By Robert Meisner
Q: I am interested in buying an upscale condominium in Birmingham, but condos are entirely new to me. What is important to keep in mind as I search around?
A: Each condominium project has to be evaluated on its own merits. Anyone buying a condominium must find out first whether the developer of the condominium has a good track record for developing and building condominiums. If there is a history of litigation, that may be a red flag.
There are also other factors that, of course, must be considered in purchasing a condominium, including the square footage cost, the amenities, your rights under the condominium documents, the monthly assessment that is planned to be charged, whether reserves are adequately funded, whether the association is going to be properly managed professionally and by whom, etc.
Whether the price tag is in the hundreds of thousands or millions, all of the necessary preconditions to making an informed decision to purchase must be examined carefully, so you would benefit from the advice of experienced legal counsel.
Q: Our condo association has a no-lease policy. A number of people have moved in claiming they are relatives of an owner, but we have no reason to believe that is true. We are concerned that they are violating our policy. What can we do?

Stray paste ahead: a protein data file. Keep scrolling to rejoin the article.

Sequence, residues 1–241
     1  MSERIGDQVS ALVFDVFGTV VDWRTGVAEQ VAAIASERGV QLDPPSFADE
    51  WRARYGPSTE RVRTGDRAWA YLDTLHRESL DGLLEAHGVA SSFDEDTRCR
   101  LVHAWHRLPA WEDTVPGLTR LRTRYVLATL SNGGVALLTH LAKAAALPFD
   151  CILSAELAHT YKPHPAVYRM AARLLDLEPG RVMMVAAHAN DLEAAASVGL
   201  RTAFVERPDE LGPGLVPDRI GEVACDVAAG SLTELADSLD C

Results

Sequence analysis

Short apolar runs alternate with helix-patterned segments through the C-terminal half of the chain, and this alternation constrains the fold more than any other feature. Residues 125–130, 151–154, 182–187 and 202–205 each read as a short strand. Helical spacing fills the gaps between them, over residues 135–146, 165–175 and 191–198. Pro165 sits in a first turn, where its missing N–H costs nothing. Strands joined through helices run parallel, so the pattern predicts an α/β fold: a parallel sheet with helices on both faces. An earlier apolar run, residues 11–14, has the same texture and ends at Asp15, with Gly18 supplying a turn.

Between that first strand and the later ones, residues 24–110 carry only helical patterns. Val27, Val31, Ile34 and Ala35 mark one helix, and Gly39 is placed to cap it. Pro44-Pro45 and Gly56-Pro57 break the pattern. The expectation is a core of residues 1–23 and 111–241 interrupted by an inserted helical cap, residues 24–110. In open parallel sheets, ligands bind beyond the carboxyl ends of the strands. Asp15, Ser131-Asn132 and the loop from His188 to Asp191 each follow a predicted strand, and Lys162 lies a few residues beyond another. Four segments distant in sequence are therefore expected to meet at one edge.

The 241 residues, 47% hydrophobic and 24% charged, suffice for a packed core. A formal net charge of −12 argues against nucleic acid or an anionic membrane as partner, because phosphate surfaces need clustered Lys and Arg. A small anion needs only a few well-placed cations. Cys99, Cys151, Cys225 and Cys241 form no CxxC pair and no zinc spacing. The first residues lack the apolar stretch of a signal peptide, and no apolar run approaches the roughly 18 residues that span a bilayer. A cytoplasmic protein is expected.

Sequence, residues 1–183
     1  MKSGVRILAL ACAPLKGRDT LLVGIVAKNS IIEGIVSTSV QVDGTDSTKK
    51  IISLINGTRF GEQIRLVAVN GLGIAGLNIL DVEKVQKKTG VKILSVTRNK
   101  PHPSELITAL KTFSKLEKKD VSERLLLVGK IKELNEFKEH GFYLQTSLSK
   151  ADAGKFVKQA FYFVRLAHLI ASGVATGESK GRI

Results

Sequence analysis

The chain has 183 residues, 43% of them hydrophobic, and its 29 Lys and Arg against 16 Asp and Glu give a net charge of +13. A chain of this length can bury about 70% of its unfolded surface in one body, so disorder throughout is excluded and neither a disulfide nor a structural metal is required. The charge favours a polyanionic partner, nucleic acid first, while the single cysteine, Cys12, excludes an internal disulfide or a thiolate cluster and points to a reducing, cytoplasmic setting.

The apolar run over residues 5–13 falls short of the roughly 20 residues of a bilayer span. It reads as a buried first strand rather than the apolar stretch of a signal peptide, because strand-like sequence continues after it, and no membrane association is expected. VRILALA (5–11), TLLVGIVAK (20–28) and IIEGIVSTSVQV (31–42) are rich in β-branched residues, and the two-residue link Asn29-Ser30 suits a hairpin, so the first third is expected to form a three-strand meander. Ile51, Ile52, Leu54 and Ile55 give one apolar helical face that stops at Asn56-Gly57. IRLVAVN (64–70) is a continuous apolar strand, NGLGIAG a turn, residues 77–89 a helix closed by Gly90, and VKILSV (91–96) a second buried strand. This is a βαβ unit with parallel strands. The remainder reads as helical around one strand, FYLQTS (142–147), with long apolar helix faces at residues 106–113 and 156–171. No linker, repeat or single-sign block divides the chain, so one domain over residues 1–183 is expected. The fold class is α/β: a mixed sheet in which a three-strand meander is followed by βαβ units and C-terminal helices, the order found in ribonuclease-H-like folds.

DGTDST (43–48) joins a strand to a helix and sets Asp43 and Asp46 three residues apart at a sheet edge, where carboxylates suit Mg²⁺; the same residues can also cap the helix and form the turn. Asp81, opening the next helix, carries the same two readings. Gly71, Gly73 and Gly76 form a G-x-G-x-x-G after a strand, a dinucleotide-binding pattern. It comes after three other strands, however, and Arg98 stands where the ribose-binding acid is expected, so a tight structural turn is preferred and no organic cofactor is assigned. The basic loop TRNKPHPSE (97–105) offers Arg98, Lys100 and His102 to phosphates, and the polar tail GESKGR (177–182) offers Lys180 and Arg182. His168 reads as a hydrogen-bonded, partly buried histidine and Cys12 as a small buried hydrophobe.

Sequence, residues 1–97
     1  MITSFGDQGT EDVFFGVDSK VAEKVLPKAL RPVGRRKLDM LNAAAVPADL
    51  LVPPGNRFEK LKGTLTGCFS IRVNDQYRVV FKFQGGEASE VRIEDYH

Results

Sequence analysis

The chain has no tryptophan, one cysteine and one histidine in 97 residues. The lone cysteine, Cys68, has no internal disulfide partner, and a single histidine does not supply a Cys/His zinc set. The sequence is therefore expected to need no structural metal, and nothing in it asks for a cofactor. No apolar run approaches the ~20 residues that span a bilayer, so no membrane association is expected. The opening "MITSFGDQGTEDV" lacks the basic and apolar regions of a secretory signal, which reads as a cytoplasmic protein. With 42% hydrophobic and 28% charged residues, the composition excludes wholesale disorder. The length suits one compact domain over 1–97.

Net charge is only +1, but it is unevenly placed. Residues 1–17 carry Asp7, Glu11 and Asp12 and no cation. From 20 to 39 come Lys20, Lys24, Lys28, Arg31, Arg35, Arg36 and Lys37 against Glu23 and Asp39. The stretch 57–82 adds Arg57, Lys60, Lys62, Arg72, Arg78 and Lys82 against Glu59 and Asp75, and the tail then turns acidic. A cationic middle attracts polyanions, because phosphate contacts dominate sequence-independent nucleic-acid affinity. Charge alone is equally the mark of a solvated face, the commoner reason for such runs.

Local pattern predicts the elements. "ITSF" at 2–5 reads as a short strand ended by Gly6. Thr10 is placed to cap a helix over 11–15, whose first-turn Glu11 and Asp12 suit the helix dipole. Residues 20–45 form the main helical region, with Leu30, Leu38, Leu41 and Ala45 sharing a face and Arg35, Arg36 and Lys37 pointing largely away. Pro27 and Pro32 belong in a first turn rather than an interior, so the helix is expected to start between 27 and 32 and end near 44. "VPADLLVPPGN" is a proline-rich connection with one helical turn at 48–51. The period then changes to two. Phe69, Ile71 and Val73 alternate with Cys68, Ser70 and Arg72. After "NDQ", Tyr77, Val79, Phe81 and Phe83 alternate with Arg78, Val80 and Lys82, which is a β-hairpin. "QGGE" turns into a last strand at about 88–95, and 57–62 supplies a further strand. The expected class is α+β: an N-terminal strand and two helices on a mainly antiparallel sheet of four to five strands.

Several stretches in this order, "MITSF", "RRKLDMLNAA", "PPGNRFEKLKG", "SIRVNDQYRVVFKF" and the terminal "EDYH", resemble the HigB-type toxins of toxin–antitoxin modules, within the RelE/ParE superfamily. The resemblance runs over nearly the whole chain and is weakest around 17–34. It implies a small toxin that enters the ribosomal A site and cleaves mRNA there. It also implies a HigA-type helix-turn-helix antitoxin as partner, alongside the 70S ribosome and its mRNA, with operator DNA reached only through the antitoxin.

A: First, consult with your community association attorney to ensure that your documents are clear regarding the no-lease policy and how non-co-owner occupants are addressed. You will have to ensure you do not run afoul of federal fair housing laws which protect against discrimination on the basis of family status.
And keep in mind that the definition of a family has expanded over the years and is not set in stone. A judge may reasonably find that occupants constitute a family even if certain traditionally recognized relationships such as marriage and consanguinity do not exist.
You do have a right to determine whether the person is living at the condominium as part of the family of the co-owner. You have every reason to inquire if you suspect that the condominium is being leased out, assuming your documents prohibit it. But again, exactly how to go about that should be addressed on a case-by-case basis by your community association attorney.
Regarding what you can do personally, be sure to keep an eye on leasing websites such as Craigslist, Airbnb, etc. for evidence that the unit is being leased out.
This article first appeared in
Hometown Life on August 5, 2019. Access the article here.